The Knight's Toast by Sir Walter Scott

The feast is o'er! Now brimming wine
In lordly cup is seen to shine
Before each eager guest;
And silence fills the crowded hall,
As deep as when the herald's call
Thrills in the loyal breast.
 
Then up arose the noble host,
And, smiling, cried: "A toast! a toast!
To all our ladies fair!
Here before all, I pledge the name
Of Staunton's proud and beauteous dame,
The Ladye Gundamere!"
 
Then to his feet each gallant sprung,
And joyous was the shout that rung,
As Stanley gave the word;
And every cup was raised on high,
Nor ceased the loud and gladsome cry
Till Stanley's voice was heard.
 
"Enough, enough," he, smiling, said,
And lowly bent his haughty head;
"That all may have their due,
Now each in turn must play his part,
And pledge the lady of his heart,
Like gallant knight and true!"
 
Then one by one each guest sprang up,
And drained in turn the brimming cup,
And named the loved one's name;
And each, as hand on high he raised,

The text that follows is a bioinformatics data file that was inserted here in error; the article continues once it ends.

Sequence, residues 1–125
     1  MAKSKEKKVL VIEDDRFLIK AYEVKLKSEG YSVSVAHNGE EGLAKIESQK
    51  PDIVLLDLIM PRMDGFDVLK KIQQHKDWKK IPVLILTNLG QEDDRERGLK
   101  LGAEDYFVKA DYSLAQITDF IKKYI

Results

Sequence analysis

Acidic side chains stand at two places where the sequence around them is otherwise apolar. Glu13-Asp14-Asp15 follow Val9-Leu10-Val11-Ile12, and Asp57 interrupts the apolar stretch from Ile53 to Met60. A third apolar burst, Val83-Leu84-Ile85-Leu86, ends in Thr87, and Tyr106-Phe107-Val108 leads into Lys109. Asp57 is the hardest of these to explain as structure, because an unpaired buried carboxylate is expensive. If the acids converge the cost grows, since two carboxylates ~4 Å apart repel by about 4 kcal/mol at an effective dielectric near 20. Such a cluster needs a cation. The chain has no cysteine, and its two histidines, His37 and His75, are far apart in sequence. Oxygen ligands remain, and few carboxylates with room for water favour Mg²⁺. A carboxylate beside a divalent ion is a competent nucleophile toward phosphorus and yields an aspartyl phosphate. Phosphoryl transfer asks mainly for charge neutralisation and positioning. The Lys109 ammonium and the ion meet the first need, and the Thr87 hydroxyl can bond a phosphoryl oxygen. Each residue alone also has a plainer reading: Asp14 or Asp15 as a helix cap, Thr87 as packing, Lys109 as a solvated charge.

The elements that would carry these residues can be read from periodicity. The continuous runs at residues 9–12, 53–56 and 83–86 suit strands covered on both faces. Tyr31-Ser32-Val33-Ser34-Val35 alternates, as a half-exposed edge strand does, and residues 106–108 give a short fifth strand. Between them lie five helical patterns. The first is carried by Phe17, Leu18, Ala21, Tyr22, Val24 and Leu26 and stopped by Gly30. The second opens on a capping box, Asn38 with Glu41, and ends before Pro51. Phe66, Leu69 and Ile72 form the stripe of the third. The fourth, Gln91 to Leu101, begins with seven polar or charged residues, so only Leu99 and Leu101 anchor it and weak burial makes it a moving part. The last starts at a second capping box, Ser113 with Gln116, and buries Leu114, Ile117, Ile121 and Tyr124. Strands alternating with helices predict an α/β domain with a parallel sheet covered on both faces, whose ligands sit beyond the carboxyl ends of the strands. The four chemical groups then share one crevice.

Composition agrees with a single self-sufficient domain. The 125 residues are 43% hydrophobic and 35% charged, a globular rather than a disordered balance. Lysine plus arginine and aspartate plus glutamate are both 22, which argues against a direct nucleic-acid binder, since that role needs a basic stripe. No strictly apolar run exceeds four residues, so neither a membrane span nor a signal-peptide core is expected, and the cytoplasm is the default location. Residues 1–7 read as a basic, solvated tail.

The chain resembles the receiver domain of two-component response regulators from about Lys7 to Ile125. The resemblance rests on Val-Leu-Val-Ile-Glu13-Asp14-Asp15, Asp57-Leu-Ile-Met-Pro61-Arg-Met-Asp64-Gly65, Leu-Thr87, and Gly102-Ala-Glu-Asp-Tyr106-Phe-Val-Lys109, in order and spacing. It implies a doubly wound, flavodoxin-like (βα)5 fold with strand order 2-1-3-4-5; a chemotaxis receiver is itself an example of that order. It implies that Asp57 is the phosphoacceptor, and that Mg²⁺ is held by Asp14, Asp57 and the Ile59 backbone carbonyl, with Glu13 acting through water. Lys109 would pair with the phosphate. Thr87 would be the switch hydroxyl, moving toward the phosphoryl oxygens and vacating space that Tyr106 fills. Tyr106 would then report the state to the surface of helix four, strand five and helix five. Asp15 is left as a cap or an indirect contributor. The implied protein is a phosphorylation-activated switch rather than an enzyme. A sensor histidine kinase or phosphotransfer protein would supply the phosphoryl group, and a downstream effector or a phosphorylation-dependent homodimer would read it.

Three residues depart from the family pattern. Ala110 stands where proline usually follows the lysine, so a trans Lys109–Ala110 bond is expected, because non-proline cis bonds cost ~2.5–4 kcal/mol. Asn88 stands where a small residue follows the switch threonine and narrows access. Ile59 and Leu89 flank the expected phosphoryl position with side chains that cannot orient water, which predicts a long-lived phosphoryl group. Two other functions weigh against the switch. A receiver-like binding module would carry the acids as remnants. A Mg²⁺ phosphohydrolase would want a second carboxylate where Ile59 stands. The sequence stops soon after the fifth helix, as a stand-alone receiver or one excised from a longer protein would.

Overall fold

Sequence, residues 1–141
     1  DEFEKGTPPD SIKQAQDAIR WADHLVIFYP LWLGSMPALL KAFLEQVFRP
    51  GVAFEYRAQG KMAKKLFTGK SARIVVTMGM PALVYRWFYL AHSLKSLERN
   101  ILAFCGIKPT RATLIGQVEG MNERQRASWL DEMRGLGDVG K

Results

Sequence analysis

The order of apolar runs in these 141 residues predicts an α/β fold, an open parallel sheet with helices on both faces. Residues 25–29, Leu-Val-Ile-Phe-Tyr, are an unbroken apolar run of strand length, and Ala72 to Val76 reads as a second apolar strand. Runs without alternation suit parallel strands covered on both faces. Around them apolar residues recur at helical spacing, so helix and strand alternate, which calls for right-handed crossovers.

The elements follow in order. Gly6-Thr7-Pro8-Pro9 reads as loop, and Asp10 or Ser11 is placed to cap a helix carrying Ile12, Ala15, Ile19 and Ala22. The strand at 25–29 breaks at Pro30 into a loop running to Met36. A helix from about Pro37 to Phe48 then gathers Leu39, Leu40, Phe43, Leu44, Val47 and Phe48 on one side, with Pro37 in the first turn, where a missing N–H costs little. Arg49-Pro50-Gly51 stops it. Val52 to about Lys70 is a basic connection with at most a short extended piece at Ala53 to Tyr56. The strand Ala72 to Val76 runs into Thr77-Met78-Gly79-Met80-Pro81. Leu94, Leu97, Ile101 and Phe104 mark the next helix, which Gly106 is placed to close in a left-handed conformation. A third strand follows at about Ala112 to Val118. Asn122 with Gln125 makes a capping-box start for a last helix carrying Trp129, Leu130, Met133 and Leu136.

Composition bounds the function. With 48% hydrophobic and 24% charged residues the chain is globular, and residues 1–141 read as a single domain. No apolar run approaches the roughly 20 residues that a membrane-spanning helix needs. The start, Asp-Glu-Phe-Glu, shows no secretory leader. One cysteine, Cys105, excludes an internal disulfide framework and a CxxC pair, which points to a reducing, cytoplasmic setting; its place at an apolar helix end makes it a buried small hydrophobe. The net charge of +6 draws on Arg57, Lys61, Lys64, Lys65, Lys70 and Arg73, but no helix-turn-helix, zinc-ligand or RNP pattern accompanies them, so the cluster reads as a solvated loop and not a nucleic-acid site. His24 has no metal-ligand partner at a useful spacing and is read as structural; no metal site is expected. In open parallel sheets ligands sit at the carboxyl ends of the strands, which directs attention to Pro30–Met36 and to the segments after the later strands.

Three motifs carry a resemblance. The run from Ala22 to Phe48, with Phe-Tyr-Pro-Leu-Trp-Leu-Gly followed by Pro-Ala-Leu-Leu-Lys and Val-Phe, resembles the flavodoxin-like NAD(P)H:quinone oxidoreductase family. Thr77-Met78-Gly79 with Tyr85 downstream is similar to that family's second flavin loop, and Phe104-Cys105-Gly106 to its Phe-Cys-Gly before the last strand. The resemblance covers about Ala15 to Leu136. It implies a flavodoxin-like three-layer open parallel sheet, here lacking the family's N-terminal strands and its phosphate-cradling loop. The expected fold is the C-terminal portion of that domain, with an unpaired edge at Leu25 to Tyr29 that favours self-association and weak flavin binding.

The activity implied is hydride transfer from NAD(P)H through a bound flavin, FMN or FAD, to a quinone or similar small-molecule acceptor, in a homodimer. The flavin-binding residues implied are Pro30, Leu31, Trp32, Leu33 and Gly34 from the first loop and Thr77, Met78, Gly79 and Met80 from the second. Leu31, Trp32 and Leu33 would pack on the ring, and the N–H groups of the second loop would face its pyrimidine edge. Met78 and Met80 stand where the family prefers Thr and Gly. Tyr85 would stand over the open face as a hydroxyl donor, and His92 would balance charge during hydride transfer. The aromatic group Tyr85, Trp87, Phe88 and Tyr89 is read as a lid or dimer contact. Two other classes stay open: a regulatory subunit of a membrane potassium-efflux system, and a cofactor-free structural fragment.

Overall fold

His lady's grace or beauty praised,
Her constancy and fame.
 
'Tis now St. Leon's turn to rise;
On him are fixed those countless eyes;—
A gallant knight is he;
Envied by some, admired by all,
Far famed in lady's bower and hall,—
The flower of chivalry.
 
St. Leon raised his kindling eye,
And lifts the sparkling cup on high:
"I drink to one," he said,
"Whose image never may depart,
Deep graven on this grateful heart,
Till memory be dead.
 
"To one, whose love for me shall last
When lighter passions long have past,—
So holy 'tis and true;
To one, whose love hath longer dwelt,
More deeply fixed, more keenly felt,
Than any pledged by you."
 
Each guest upstarted at the word,
And laid a hand upon his sword,
With fury flashing eye;
And Stanley said: "We crave the name,
Proud knight, of this most peerless dame,
Whose love you count so high."
 
St. Leon paused, as if he would
Not breathe her name in careless mood,
Thus lightly to another;
Then bent his noble head, as though
To give that word the reverence due,
And gently said: "My Mother!"